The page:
Martin Landau gets to do the over-the-top acting, screaming Bible verses and attempting to murder almost everyone he comes in contact with.  Erland van Lidth is significantly creepy, especially when he meets Lylah alone in the Potters' home while they are away.  As for Phillip Clark, he gets to don a hockey mask the same year a certain other killer decided that it was a good look.  Alone in the Dark was released only three months after Friday the 13th Part III, so I'm not really sure if this was a direct reference or merely coincidence.

As for the good guys, it is tempting to say this is one of Donald Pleasance's oddest or worst roles, though I think he's playing Leo Bain exactly as Sholder wanted.  He's a pot-smoking hippy type with far-out, and frankly dangerous, theories on how to deal with mental illness, and often it's questionable if he might not be one of the patients himself.  Dwight Schultz doesn't really get time to develop Potter prior the attack on his family, but he does take the time to make him realistic during the attack, being completely out of his depth.  He is not portrayed in any judgmental way, and in fact in the end does what he need to survive and protect those he loves.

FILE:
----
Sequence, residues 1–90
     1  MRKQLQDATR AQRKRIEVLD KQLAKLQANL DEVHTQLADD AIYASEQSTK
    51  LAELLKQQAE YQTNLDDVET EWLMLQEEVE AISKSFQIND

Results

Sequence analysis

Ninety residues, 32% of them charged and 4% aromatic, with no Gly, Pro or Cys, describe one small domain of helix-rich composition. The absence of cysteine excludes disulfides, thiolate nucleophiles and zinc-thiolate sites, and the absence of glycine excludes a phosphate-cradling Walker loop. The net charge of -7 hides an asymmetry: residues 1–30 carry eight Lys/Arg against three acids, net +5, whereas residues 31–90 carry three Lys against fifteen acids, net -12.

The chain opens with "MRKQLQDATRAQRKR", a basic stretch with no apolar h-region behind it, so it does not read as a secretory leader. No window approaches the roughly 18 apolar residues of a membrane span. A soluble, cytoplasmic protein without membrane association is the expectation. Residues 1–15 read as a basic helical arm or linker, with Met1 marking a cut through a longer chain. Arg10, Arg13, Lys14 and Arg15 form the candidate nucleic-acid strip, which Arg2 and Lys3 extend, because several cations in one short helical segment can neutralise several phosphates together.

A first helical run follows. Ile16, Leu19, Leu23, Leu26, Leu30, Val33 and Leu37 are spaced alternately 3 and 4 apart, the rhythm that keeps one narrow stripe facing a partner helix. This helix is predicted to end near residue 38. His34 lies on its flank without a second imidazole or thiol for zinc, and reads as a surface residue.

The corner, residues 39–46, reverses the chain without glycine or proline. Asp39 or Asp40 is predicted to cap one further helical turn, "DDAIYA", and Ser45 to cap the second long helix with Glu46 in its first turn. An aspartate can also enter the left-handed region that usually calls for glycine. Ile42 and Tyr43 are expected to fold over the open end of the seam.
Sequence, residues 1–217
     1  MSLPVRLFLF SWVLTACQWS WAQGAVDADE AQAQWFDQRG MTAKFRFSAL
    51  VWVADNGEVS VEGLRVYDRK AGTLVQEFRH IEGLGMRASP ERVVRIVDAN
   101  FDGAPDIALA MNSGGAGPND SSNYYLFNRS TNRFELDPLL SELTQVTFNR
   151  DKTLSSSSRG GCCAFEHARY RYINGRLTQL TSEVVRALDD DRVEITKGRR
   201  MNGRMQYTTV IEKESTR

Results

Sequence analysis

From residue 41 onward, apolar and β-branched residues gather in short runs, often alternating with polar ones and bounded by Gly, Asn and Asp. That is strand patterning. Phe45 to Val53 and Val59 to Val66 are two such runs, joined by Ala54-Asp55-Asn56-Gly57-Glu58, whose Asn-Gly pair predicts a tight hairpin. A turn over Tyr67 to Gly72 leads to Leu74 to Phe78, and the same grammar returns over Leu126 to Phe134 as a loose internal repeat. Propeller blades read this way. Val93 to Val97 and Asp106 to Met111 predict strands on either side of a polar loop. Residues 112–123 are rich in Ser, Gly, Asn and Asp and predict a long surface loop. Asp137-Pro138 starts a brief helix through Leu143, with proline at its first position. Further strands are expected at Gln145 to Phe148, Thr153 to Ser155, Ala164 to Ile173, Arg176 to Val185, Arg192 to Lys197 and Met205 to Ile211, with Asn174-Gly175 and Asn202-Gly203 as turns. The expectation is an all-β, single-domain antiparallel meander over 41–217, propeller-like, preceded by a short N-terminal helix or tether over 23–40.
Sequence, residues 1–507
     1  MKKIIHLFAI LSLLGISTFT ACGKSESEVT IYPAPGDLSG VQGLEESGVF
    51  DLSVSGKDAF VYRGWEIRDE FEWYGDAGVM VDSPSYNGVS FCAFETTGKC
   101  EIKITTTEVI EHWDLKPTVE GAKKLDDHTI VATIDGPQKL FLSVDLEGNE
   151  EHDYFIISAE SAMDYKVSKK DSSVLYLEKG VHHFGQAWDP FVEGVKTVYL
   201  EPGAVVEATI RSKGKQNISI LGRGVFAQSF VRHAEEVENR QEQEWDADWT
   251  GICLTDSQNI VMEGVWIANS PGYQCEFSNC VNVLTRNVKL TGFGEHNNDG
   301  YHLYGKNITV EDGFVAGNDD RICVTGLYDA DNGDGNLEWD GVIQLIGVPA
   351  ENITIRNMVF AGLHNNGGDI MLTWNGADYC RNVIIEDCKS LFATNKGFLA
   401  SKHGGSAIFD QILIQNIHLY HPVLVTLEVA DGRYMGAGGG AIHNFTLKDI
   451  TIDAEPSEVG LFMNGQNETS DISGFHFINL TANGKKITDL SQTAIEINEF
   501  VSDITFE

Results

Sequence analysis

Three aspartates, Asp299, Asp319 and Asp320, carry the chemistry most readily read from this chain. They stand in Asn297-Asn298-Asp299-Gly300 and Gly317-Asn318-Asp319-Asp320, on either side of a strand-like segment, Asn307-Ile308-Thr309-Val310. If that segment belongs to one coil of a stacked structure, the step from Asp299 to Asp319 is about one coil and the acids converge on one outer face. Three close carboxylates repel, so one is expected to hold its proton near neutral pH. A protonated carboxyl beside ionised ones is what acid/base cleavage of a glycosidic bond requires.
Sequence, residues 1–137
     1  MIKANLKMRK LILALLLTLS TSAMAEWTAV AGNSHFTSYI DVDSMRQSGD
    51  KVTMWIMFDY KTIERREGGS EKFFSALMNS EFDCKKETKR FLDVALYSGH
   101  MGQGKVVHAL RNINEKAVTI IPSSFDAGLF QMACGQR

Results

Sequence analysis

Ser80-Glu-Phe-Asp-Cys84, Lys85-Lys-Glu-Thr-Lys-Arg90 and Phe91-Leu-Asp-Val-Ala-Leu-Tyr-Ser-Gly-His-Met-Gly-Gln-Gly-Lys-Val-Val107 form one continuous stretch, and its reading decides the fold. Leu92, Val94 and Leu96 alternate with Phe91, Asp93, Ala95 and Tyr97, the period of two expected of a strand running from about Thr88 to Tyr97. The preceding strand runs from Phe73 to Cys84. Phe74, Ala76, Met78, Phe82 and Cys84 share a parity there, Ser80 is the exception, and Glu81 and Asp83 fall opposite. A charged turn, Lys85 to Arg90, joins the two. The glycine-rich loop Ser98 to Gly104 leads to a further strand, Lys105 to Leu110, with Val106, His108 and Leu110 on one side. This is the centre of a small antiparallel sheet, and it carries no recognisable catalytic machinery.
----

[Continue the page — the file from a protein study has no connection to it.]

While the siege does get a bit tiresome at times the horror elements of Alone in the Dark largely work, often because Sholder's writing and direction takes Bain's words to heart, presenting a world where the actions of the supposedly normal people (going to clubs playing violent music, rioting at the first chance during a blackout) aren't that far removed from the patients in the mental hospital.  In fact, most of them seem content where they are, and even the Bleeder seems to have different motivations than the others.  Most of the "insanity" presented is still the Hollywood version of mental illness, meant to make people frightened of those that are different, but this time around it also serves to make them frightened of everyone else they may come in contact with.  It may be trying to push the same ideas as it comes to an end, but that is where the film suddenly trips and stumbles, leaving an unsatisfying denouement.  Also, the twist in the film during the siege portion can be figured out about 20 minutes previous.

I would still recommend this as a good alternative to the usual slasher fair that the poster alludes to and that was all the rage at the time.  It is also nice seeing a group of character actors that are no longer with us being gathered for a genre flick that is outside of what they were known for.

Alone in the Dark (1982)
Time: 92 minutes
Starring: Dwight Schultz, Deborah Hedwell, Lee Taylor-Allan, Jack Palance, Martin Landau, Erland van Lidth, Donald Pleasance
Director: Jack Sholder